Vodafone NZ has switched on its 5G service at 100 sites in parts of Auckland, Wellington, Christchurch and Queenstown last year making it the first of the three big phone companies to offer the faster new technology to its mobile users.
The carrier also has 20 5G “cows” (cell sites on wheels) that will be deployed to holiday hotspots and events over the summer. All Vodafone plans are now 5G-enabled for free – although a $10 premium will be charged for the service from June.
Vodafone does recommend an unlimited data plan or one with a high data cap – because 5G’s ability to download a high-def movie in seconds also means a modest monthly data limit can be obliterated in moments.
- To access 5G from 1 July 2020, you will need to purchase a 5G add-on for $10 per connection per month including GST (or when your Prepay bundle renews).
- By 2025 5G will be available in 90% of places where New Zealanders live, work and play. In addition to this, Vodafone is also upgrading 4G cell sites to 4.5G throughout the country.
- A 5G enabled/ 5G ready plan is any current 4G capable mobile plan, if you signed up to your plan in the last 2 years, then your plan is 5G enabled, or 5G ready. To access the benefits of 5G you need to be on a 5G ready mobile plan, with a 5G phone from Vodafone, in a 5G coverage area.
- At launch, speeds will range between 150-200Mbps on average and it is likely you will use more data on a 5G connection. If you are on a capped plan, you need to upgrade to a plan with unlimited data, so that you don’t run out of data.
- As part of the 5G ecosystem rollout, Vodafone will be integrating eSIM capability for eligible phones and cellular wearables (eg smartwatches) from mid-2020. This will open up enhanced possibilities for what you can do with your device. If you want to stay up to date on the eSIM launch, you can register your interest here.
You’ll also need a phone that supports 5G. Options are narrow and expensive, for now. There’s the 5G version Samsung’s Galaxy A90 (a robust $1399 if you pay upfront) or the 5G version of the Note 10+ ($2199). Apple is expected to add 5G to its iPhone line next year. Huawei has 5G models, but so far none are onboard for Vodafone NZ 5G. Some new phones, such as Samsung’s new Galaxy Fold come in a 5G version but, for now, NZ is only getting the 4G (fourth generation) variant. It’ll take a couple of years for 5G support to filter down the food chain to cheaper models. Note that you’ll need to be inside one of the 5G areas, too. See a coverage map here.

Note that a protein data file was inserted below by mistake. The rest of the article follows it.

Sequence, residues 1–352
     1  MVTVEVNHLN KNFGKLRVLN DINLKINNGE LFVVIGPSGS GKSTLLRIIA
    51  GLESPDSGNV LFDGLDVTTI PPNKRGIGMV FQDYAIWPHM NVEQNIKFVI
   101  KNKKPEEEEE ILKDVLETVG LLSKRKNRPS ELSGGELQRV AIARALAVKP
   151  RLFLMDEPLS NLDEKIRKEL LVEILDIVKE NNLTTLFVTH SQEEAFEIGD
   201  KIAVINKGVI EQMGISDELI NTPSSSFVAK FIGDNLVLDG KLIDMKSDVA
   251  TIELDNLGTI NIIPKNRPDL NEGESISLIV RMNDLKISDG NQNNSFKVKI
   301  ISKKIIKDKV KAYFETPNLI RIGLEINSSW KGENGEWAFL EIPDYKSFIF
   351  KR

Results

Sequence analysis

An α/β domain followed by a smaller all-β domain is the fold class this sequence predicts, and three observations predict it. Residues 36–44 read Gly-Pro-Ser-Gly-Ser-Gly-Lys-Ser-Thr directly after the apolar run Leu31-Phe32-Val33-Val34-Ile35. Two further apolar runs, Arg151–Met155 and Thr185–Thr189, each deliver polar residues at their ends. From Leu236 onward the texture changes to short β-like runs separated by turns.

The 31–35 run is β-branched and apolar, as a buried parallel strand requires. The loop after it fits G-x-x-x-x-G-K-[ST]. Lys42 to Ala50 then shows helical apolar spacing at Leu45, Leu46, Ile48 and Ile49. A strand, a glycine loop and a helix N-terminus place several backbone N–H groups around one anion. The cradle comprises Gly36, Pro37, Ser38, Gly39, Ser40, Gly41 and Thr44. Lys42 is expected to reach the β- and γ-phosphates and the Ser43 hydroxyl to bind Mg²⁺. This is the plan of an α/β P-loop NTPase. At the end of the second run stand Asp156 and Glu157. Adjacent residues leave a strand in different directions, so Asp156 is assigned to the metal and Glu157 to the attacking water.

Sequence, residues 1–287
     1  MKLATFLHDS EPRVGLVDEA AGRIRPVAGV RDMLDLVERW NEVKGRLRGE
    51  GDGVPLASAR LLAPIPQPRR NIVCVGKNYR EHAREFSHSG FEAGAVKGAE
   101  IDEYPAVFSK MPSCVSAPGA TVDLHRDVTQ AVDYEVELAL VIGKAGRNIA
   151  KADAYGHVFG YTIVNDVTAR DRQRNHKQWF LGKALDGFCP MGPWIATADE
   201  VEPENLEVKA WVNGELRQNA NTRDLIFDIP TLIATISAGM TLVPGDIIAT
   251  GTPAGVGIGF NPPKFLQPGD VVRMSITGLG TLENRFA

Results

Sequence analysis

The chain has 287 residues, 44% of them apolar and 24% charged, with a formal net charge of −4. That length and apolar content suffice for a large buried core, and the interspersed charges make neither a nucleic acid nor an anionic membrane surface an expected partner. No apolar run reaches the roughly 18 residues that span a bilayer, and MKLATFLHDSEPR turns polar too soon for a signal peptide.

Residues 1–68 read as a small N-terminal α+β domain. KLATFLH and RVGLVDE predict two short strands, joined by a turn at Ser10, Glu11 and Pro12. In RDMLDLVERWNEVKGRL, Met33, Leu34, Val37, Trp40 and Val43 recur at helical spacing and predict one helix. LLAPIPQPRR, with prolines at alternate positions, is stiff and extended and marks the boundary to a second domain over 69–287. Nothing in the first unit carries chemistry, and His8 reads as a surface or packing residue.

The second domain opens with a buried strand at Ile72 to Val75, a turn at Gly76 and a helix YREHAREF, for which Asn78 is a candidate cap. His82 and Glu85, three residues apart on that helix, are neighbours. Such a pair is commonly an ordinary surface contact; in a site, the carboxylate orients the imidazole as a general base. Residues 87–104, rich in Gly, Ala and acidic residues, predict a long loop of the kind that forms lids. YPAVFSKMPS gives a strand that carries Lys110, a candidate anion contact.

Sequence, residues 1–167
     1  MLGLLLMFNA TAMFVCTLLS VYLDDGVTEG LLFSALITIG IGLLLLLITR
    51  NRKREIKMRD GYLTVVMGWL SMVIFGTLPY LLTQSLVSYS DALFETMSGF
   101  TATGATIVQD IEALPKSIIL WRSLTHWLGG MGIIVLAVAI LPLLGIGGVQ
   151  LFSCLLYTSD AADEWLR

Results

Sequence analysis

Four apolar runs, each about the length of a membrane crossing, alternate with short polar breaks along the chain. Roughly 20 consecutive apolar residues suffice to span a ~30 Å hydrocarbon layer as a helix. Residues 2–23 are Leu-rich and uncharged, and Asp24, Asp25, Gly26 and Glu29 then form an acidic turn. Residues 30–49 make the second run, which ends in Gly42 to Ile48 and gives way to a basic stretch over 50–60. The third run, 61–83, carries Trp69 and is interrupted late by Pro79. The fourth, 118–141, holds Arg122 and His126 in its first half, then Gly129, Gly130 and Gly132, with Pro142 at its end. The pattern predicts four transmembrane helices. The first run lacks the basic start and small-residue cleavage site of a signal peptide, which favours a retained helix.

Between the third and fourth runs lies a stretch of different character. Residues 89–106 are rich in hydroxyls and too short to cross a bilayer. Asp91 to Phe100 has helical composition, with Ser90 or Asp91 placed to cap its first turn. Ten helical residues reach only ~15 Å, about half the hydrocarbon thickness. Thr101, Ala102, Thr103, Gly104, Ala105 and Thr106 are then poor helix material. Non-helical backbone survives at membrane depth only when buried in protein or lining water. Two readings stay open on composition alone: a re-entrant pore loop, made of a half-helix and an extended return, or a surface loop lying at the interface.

To access 5G, Kiwis need a 5G device from Vodafone New Zealand or selected New Zealand retailers, a Vodafone 5G Ready plan and be in a 5G coverage area. Those customers will be able to experience 5G at no extra cost until 30 June 2020. To access 5G from 1 July 2020, customers will be able to purchase a 5G Add-On for $10 per connection, per month (or the equivalent Prepay term).
5G device launch partner, Samsung has released two new models on the Vodafone 5G network, both offering faster speeds and better processing capacity. The Note 10+ 5G model boasts all the features and capability of the Note 10+ that users love, enhanced by the speeds and reliability of the 5G connection. As well as the Samsung Galaxy A90 5G, which is a more affordable phone, with three rear cameras, an internal expandable memory.
The Vodafone team will continue to build the 5G network over the coming few years, adding Nokia 5G technology to more than 1,500 existing cell sites around the country – up from the initial 100 cell sites that are now live.
But customers will only be able to use the upgrade free until the end of June, after which a $10 monthly surcharge will apply, and most would need a new smartphone costing $1399 or more.
Customers with 5G-capable smartphones and devices could expect download speeds “potentially” five to 10 times faster than when using 4G, chief executive Jason Paris said, paving the way for services such as cloud-based mobile gaming.
Vodafone NZ, which is now owned by NZX-listed Infratil and Canadian investment company Brookfield, has been able to get a jump start in 5G as it owns a chuck of spectrum in the 3.5GHz band that is currently best supported by handset manufacturers.
Its 5G service will work on the Samsung Note 10+ 5G smartphone, which Vodafone is retailing for $2199, and Samsung’s Galaxy A90 5G phone which is priced at “a more affordable” $1399.
The Government is exploring ways to allow mobile network operators to get early access to more 3.5GHz spectrum before existing rights in the band expire in November 2022.
The main use for 5G in the short term is expected to be in providing improved fixed-wireless connections, with large data caps, for customers who are willing to use wireless broadband as an alternative to copper-based and ultrafast broadband.
Spark provides a very limited service in five South Island towns using very high frequency spectrum. But over time, 5G is expected to enable the development of a wide variety of new, low-latency communications services, thanks to its ability to support computational intelligence at the edge of the network, close to customers.